Beyond the specific health benefits, the Dead Sea offers a unique and rejuvenating experience. Bottom line: The serene environment, therapeutic mud treatments, and being able to float effortlessly in the dense waters can promote relaxation and overall well-being. 

Plan Your Dead Sea Trip

Dead Sea float
Swimming after dark is a surreal experience.

How Much Time to Spend at the Dead Sea

To get the full experience, most people say you should spend at least 1-2 nights there. You’ll need enough time to go swimming in the Dead Sea, relax at the resorts, visit nearby attractions, and soak in the unique landscape and atmosphere.

Not to mention all that Arabic food that you’ll want to enjoy!

Best Time to Visit

While it’s possible to visit at any time of year, the best time to visit the Dead Sea is during the shoulder seasons, which are spring (March-early May) and autumn (October-November). These months offer pleasant weather with comfortable temperatures.

Avoid Summer (June-August), which can be scorching hot; spending time outdoors is unpleasant. Winter (December-February) can be chilly, especially at night.

💡 PRO TIP: If you choose to visit Israel during Sukkot (September/October) or Passover (March/April), expect higher prices at the Dead Sea due to increased demand.

Where To Swim in the Dead Sea: Israel vs Jordan?

Posing for Dead Sea pictures

If it helps, we enjoyed our experiences in both Jordan and Israel. Both countries have plenty of places to stay, public beaches, and nearby attractions to keep you happy.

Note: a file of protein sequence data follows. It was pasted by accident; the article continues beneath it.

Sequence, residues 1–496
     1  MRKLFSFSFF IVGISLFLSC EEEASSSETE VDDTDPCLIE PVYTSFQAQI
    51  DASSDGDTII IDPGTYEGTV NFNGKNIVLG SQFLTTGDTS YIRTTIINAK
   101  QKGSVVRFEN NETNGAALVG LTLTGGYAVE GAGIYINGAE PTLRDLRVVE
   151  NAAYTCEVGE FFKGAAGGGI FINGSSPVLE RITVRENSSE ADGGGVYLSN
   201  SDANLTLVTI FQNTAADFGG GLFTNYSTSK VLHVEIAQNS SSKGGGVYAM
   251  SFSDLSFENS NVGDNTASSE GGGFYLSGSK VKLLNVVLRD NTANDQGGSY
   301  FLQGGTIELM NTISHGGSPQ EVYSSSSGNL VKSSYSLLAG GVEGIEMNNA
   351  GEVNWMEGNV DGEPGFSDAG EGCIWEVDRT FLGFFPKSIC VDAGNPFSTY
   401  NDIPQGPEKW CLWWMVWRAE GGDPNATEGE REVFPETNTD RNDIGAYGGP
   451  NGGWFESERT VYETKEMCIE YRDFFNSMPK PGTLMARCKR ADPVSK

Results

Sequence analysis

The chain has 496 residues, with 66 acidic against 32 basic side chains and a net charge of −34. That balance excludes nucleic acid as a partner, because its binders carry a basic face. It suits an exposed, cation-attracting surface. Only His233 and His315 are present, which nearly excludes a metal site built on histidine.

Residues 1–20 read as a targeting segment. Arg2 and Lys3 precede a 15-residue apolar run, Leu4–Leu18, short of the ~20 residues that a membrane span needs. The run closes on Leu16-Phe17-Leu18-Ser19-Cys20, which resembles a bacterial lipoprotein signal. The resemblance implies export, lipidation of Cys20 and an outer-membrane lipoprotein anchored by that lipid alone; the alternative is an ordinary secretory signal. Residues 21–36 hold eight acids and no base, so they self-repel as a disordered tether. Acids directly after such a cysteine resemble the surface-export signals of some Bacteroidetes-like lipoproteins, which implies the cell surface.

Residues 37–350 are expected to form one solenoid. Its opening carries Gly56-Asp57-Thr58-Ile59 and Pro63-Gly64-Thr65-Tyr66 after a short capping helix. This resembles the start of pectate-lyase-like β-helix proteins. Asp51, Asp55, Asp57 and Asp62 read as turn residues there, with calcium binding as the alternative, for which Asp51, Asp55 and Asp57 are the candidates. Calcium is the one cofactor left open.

Visiting the Dead Sea in Israel

In Hebrew, the Dead Sea is called Yam HaMelach (the Salt Sea). The top spa resorts on the Israel side can be found in Neve Zohar, near Zohar Hot Spring Beach, and Ein Bokek, a bustling resort town with shops, restaurants, and bars.

How to Get There

Drive. It takes about 1 to 1.5 hours to drive from Jerusalem to the Dead Sea and about 2 to 2.5 hours to drive from Tel Aviv. If you can manage it, you should definitely rent a car and drive yourself, because there some beautiful lookouts and heritage sites that you’ll want to check out on the way.

Public transport. Egged operates a daily bus from Jerusalem to the Dead Sea (route #486). You can book a seat ahead of time here, and find timetables and route information here. Tickets are 37.5 NIS each.

Private shuttles and taxis. Shuttles and taxis are the priciest option.

Guided tour. Tours are the most hassle-free, as you’ll have a driver plus a professional tour guide. Viator has some excellent options. To get the most for your money, look for tours that include other places too, such as Masada or Bethlehem.

Dead Sea Israel: Where to stay

Three excellent Dead Sea hotels in Israel that have private access to the Dead Sea are:

You can also stay in a vacation rental through platforms like VRBO.

Visiting the Dead Sea in Jordan

Jordan’s Dead Sea resorts are generally more upscale than the ones in Israel, with pristine beaches, plush spas, and amenities like poolside bars and private beach access. The Jordanian side of the Dead Sea seems to offer a more serene experience than you may find on the more crowded Israeli side,.

How to Get There

The Dead Sea in Jordan is easily accessible from the capital city of Amman, located about 55 km away, with a driving time of around 1 hour. Renting a car and driving is allows you to stop along the way and explore at your own pace. Alternatively, you can take a taxi or public transportation like minibuses or buses from Amman.